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Heysen Trail

The Heysen 12: Mernmerna & Slaty

Sunday, May 15, 2016 – 16.99 km

I slept badly last night due to paranoia about mice/sleeping bag/tetanus shots – seeing a mouse scurrying down my bunk certainly didn’t help – and woke feeling weak and nauseous this morning. Unsure whether it’s because of the lack of sleep or something else. Maybe I need a tetanus shot?

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The HT was mostly creek walking on easy terrain today. Slaty Creek was striking with its high banks of ruddy slate.

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Slaty Creek

All day, my navigation was slightly off. I didn’t get lost, but I saw only a few trail markers aside from those that I was specifically looking for, so I kept wondering whether I was missing beautifully constructed single-track somewhere (lolno). The map states to be careful to note the direction when leaving Mernmerna Creek, and I agree that care is needed. I was specifically looking for the marker and I think it would have been easy to miss, but I was missing everything today, so who knows? Around point ‘B’ on the map the trail leaves Slaty Creek for what may or may not have been single-track, but I couldn’t find what the blazes I was supposed to be walking on, so I just bushwhacked for awhile. When I rejoined the creek, I mysteriously did so at the exact location of an HT marker, so there’s that.

Not a hard day of walking, but it felt hard since I was feeling sick. Hopefully I’ll feel better tomorrow, since it’s a long haul to the next campsite-that-might-not-be-a-legitimate-campsite.

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Heysen Trail

The Heysen 11: Back to the Trail

Saturday, May 14, 2016 – 20 km

Leaving Hawker this morning, I returned to the Heysen via a ~6 km highway walk. It was pleasanter than your average highway walk, with minimal traffic and a flat gravel shoulder of 1-1.5 metres lining the road. Roadkill was scattered around generously though and I could have lived without the skill of being able to identify the scent of dead kangaroo flesh.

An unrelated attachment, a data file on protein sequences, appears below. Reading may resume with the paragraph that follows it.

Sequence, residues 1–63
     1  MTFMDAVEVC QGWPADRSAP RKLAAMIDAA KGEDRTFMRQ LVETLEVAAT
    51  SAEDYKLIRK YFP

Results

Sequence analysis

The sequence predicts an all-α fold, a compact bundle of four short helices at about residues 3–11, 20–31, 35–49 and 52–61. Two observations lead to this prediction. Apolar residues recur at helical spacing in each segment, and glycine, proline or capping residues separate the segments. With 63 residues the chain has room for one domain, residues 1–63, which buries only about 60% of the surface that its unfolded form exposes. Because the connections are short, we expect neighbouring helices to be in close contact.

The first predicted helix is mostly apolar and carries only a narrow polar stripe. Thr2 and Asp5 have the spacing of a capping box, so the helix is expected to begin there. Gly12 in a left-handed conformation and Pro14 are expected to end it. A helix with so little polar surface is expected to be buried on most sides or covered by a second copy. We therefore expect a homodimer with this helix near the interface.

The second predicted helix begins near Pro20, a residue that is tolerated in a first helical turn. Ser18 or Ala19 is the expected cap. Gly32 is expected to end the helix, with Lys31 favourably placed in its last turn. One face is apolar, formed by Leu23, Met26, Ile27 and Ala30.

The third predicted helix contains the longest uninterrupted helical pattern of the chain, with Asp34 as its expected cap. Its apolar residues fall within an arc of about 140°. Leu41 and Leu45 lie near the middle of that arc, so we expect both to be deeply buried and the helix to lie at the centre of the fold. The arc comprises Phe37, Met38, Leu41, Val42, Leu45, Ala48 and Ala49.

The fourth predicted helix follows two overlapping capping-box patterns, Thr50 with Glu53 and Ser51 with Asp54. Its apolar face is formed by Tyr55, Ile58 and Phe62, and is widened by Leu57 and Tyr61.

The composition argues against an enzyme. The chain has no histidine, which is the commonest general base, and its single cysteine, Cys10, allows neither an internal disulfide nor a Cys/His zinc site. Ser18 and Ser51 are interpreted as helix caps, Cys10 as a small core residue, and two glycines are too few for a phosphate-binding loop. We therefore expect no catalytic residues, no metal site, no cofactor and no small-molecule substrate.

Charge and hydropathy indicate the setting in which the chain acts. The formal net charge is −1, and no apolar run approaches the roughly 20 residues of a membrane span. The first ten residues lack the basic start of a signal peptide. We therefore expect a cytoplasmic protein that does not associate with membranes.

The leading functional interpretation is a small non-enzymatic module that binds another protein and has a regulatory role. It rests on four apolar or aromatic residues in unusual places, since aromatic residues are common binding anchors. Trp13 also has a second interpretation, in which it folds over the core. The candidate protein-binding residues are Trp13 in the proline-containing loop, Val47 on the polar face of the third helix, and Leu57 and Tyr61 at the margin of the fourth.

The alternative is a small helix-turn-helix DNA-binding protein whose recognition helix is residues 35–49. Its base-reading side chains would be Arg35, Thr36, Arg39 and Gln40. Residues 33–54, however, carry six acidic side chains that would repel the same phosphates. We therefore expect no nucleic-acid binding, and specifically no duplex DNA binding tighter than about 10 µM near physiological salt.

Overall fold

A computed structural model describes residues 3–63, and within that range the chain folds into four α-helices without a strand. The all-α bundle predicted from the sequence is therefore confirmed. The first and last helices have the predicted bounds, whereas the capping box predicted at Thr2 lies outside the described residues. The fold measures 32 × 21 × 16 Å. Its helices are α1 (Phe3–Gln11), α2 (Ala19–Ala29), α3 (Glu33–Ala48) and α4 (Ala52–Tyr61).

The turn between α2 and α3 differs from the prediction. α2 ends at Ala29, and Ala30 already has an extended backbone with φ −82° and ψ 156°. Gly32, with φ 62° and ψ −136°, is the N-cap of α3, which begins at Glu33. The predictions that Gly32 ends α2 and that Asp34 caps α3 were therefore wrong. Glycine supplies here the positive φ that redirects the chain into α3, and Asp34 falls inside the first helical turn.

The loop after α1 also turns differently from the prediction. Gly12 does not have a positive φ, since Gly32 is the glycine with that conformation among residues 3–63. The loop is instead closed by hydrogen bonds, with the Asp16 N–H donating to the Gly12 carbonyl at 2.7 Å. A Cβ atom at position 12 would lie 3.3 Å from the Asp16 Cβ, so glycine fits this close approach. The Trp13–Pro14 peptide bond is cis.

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Too few drivers paid attention to this road sign.

Upon rejoining the HT, I saw something amazing: footprints! Evidence of people actually walking the trail! They had been made when the ground was soft, so the timing seemed correct for them to have been left by the Aussie couple, but I won’t discount the possibility that other people are walking this thing.

I saw some paddy melons (Citrullus lanatus), not to be confused with the poisonous plant also called paddy melon (Cucumis myriocarpus) or pademelons (a type of wallaby). Legend has it that a Heysen thru-hiker once supplemented his diet with paddy melons and credited them for his completion of the trail. I would be nervous about eating a paddy melon by mistake instead of a paddy melon.

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A paddy melon.
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Lots of creek-walking today, but the creek was gentle, sandy/gravelly at first and then slightly rockier (and more scenic) but with flat open banks and animal trail. Cattle droppings were sprinkled around… cattle, my old nemesis… Ridiculous numbers of sheep droppings surrounded pools of water.

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The HT followed the creek all the way to Mayo Hut, which is scenically located on a high bank. Superstitious people might take issue with Mayo Hut because a pamphlet inside the journal box states that a man passed away here, but I (while wondering which bunk he died in) take more issue with a journal entry describing mice scurrying around inside someone’s sleeping bag. Anti-mouse food storage options included a plastic box and hooks for hanging food/packs; I hung everything. Nice sunset on this windy night.

Mice report: 0 mice seen, but great trepidation about the night

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Heysen Trail

The Heysen 10: Rest Day #2

Friday, May 13, 2016

As the only tenter, I attracted attention and a couple invited me over to talk this morning. They turned out to be trail angels, generously giving me a spare headnet and pen, buying me dinner and offering to drive me to Quorn to get a gas canister (I refused the last). Thank you Susan and Ken! You’re amazing!

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In need of repair

Also today I repaired my tent, patching small holes in the groundsheet and fly and re-repairing a stuff sack that had torn again after my repairs to it on the Great Ocean Walk. I visited the only cafe in town to purchase a late lunch and a sandwich for tomorrow; the owner seemed cranky about making food even though I placed my order more than an hour before closing time. Don’t offer lunch so late if you don’t want to make it…

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Heysen Trail

The Heysen 9: In Town

Thursday, May 12, 2016